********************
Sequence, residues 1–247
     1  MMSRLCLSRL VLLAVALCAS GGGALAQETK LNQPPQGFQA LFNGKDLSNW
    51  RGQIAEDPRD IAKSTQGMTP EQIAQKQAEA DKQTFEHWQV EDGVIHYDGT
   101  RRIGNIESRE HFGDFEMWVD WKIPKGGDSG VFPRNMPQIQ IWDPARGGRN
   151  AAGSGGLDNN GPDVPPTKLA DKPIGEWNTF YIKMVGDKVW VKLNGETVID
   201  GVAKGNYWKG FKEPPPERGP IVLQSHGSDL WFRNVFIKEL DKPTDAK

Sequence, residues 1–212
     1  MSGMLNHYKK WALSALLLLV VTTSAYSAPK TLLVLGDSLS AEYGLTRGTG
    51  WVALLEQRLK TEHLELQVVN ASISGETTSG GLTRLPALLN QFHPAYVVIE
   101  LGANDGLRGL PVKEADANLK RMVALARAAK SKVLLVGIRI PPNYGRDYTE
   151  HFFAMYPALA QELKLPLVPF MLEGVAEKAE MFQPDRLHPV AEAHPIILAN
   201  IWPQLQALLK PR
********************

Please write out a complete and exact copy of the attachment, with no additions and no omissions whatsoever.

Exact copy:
Sequence, residues 1–247
     1  MMSRLCLSRL VLLAVALCAS GGGALAQETK LNQPPQGFQA LFNGKDLSNW
    51  RGQIAEDPRD IAKSTQGMTP EQIAQKQAEA DKQTFEHWQV EDGVIHYDGT
   101  RRIGNIESRE HFGDFEMWVD WKIPKGGDSG VFPRNMPQIQ IWDPARGGRN
   151  AAGSGGLDNN GPDVPPTKLA DKPIGEWNTF YIKMVGDKVW VKLNGETVID
   201  GVAKGNYWKG FKEPPPERGP IVLQSHGSDL WFRNVFIKEL DKPTDAK

Sequence, residues 1–212
     1  MSGMLNHYKK WALSALLLLV VTTSAYSAPK TLLVLGDSLS AEYGLTRGTG
    51  WVALLEQRLK TEHLELQVVN ASISGETTSG GLTRLPALLN QFHPAYVVIE
   101  LGANDGLRGL PVKEADANLK RMVALARAAK SKVLLVGIRI PPNYGRDYTE
   151  HFFAMYPALA QELKLPLVPF MLEGVAEKAE MFQPDRLHPV AEAHPIILAN
   201  IWPQLQALLK PR